Cannabis Honey is a Superfood We Should All Be Eating


So delicious. So nutritious.  Cannabis honey is the food you need to be eating for your overall health. 

Honey is the only food that can’t spoil and has been used as a medicinal supplement the world over for thousands of years. Honey also makes a wonderful base for different herbs, including cannabis. The sweet combination of cannabis in honey is the best of all the things: delicious, nutritious, versatile, and healing. In fact, the combination could be considered a superfood due to its numerous health benefits. As honey nourishes the body, cannabis treats and provides relief from what ails it.

What are the Benefits of Consuming Cannabis Honey?

Cannabis contains numerous compounds: cannabinoids, terpenes, and flavonoids, that have healing properties. The two most abundant compounds are THC and CBD. These are their ‘stand-alone’ benefits.



  • Reduces anxiety
  • Has anti tumor effects
  • Fights metastasis of cancer cells
  • It is an anti depressant
  • Slows neurodegenerative disorders.
  • Anti inflammatory effects
  • Stops seizures

When the two compounds are combined, they work synergistically to produce even more potent and enduring effects. Then add in the body-loving properties of honey, it just may be the perfect food.

Can Bees Make Funny Honey?

In nature, bees cannot pollinate the cannabis plant or use its resin to make honeyHowever, a Francophone beekeeper called  claims to have trained bees to do just that. The cannabis has no effect on the bees themselves since they do not have an endocannabinoid system. However, the “honey” produced by these bees contains activated cannabis and can be psychoactive. Trainerbees has described a process where bees are trained to turn resin into propolis, not nectar into honey.

Tim Lovett, director of public affairs at the British Beekeepers Association, corroborated these claims by saying that indeed bees can be trained to look for certain compounds, such as resin, from the cannabis plant. He saw this happening in a lab where bees were trained to detect explosives with their tongues. Once the bees collect the resin, they take it back to the hive where they work on it to produce ‘cannabis honey’. This cannabis infused honey can be ingested orally as syrup, spread on bread or used in any other way one loves to use honey.

DIY Cannabis Honey 

If you can’t find bees to train to make you some cannabis honey, you can make your own honey  at home. Remember that honey is best to work with in warm temperatures. Also, note that cannabinoids do not bind to honey naturally; an oil base will help keep it from separating out.  Secondly, you will need to decarboxylate your cannabis before combining with the honey. This is the process of activating the inactive THCa into the psychoactive THC compound. However, if you wish to have your cannabis infused honey as non psychoactive, feel free to skip the decarboxylation step. THCa has it’s own health benefits, as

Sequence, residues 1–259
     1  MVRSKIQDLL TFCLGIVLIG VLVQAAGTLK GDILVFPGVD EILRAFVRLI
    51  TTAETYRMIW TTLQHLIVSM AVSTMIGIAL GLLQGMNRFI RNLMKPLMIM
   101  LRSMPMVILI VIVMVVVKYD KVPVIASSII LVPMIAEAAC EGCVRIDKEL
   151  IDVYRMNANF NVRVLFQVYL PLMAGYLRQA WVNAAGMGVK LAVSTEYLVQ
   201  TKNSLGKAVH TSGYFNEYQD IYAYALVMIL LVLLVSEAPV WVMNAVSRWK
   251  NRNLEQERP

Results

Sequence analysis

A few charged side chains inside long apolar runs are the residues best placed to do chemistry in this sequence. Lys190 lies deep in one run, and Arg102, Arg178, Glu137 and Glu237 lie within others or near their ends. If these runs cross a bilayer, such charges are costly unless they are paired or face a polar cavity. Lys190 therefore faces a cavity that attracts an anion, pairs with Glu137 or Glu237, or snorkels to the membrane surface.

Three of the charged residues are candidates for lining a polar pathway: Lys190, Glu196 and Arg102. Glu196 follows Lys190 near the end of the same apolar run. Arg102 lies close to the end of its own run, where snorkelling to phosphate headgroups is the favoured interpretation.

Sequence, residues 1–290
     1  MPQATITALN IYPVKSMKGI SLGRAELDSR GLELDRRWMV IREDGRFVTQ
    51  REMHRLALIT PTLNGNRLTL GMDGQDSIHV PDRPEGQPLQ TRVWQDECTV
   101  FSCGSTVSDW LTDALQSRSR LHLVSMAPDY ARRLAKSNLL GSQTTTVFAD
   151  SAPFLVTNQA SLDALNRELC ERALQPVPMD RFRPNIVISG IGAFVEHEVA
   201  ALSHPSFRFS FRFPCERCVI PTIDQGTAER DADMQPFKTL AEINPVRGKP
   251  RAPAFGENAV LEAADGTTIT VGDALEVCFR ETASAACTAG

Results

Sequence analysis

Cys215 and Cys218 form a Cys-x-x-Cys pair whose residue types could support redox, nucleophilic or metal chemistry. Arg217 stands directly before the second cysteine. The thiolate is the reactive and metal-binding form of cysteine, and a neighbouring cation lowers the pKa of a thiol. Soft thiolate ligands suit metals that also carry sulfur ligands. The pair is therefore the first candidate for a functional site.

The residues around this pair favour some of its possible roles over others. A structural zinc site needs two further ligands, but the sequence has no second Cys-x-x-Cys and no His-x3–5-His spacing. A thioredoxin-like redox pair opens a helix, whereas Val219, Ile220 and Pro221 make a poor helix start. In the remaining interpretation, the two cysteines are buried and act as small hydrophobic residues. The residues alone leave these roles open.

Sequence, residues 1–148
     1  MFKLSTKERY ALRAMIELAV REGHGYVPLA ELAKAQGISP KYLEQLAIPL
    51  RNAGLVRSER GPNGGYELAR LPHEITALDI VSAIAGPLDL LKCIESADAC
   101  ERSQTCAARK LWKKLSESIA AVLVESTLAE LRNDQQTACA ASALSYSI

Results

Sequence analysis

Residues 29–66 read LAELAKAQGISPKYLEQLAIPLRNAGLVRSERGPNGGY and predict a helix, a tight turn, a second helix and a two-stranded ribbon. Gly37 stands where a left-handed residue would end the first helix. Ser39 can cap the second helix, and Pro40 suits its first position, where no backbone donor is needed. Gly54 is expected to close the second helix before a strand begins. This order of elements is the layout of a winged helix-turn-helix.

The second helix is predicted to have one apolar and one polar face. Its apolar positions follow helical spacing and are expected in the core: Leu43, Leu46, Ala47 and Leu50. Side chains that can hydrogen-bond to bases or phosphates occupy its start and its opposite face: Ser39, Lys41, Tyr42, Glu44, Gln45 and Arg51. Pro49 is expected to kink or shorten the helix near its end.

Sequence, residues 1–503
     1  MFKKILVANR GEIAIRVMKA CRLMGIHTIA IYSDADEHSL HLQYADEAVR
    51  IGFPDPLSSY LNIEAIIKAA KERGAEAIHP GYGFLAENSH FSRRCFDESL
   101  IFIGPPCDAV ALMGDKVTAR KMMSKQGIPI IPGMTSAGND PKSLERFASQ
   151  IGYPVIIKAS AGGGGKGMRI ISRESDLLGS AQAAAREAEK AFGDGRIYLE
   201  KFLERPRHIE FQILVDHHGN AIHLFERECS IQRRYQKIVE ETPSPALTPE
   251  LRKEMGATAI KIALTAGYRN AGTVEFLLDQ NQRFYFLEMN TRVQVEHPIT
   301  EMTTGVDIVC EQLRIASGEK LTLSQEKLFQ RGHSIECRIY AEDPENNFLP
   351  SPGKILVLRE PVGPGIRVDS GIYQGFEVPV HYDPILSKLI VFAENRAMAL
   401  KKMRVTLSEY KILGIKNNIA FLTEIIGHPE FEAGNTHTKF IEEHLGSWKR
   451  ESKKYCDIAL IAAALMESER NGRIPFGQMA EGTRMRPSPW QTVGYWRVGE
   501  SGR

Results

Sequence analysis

What you will need

  • 10-20g of decarboxylated cannabis
  • 400g of honey
  • A large mason jar
  • A large piece of cheesecloth
  • Additional herbs (If you wish to add extra flavors)


  • Put the decarboxylated cannabis herb in a cheesecloth, tie and place in a jar
  • Pour the honey on top
  • Place the jar in a bed of hot water; you could use a slow cooker. Let the honey simmer but do not allow it to boil. This could take between 4-8 hours.
  • Allow the mixture to cool down then put it in a refrigerator.

Just a Word About Endangered Honey Bees

Honey bees are quite an interesting species; it is remarkable how organized they are. They live in colonies and have their roles split into three. There is the queen bee that basically “runs the show;” she lays eggs and directs the other bees. The worker bees forage for food; these are the ones we see buzzing around. Finally, the drones mate with the queen and female worker bees tend to the hive. Bees are key pollinators for plants on Earth and, unfortunately, honey bees are slowly becoming an endangered species due to reasons such as colony collapse disorder and the use of dangerous pesticides. If this population collapse is to continue, we may lose all the plants that bees pollinate to the point that human survival is at stake.

There are a few simple things that you can do around your house to help the bees: don’t pull the dandelions as these are the first food for bees when they wake up from their winter nap; plant your garden in clusters of flowers to make easy targets for bees; and plan your garden so there are continuous blooms from spring through fall. NEVER use pesticides on your lawn. Why ever would you do that?